Those that do are often no better educated. Like an article that discusses a radical, new re-telling of Cinderella. Her problem is not her stepmother and stepsisters, but that her father left the family deeply in debt. So she (and the rest of them) go off to work for a prince, and then she wows the prince (who knew of her existence beforehand) at the ball. And I say, your radical, new retelling is Catskin. Or All-Kinds-of-Fur. Or Cap O'Rushes Or The Bear. Or any of the numerous folktales of Aarne-Thompson type 510B, as opposed to Aarne-Thompson 510A, which includes Cinderella and all the heroines persecuted by female figures.
Or an article which discussed the Swan Maiden fairy tale and solemnly said that the hero, setting out in search of his lost wife, was encroaching on territory of younger men, who were not yet married. A common plaint: that the fairy tale always ends with the marriage. Ha. Some fairy tales start out with the characters already married, such as The White Duck , The Witch In the Stone Boat, or Stan Bolovan, Many, many, many more start out with the character unwed, but have the marriage in the middle of the tale, as the Swan Maiden does, and other tales of Aarne-Thompson type 401* -- and others of type 401, such as Soria Moria Castle. Plus Aarne-Thompson type 425A, where the heroine is looking for the hero, who is often enough her husband: The Brown Bear of Norway, The Crab or The Enchanted Pig And many others. Like Sleeping Beauty. Perrault's Sleeping Beauty, that is. The Grimms' version chopped off that, but they did find a fragmentary "Evil Mother-in-Law" which starts with the young married queen and her children whom her mother-in-law wants to eat. Or like The Six Swans, Our Lady's Child, The Singing, Springing Lark, Brother And Sister, The Wonderful Birch, The Enchanted Wreath, or The Three Little Men in the Woods. It always happens in The Girl Without Hands, in every variant. Even Catskin has a coda where the father repents of his wickedness after his daughter has been married for years, and in The Story of the Youth Who Went Forth to Learn What Fear Was, the heroine does nothing before her marriage but afterwards, in a coda, actually teaches him what fear is. It is not, to put it mildly, that uncommon. If my experience is typical, it's more common that the Hansel and Gretel type where the characters return home.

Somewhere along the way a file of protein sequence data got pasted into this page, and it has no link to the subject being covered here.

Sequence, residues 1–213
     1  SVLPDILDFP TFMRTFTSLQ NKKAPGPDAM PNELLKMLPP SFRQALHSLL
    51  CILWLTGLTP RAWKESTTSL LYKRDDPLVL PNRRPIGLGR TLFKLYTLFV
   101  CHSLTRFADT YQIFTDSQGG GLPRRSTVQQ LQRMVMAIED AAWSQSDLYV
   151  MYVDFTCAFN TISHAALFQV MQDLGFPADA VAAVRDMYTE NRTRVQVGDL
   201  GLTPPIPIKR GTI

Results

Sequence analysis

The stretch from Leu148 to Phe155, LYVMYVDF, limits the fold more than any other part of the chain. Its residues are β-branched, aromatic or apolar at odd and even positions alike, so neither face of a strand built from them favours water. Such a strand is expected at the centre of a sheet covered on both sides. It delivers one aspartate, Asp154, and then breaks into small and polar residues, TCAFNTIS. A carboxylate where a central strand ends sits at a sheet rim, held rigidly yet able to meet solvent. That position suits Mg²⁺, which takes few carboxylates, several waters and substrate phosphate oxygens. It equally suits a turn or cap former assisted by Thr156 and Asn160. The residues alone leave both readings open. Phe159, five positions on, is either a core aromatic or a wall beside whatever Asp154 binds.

grumble, grumble, grouse.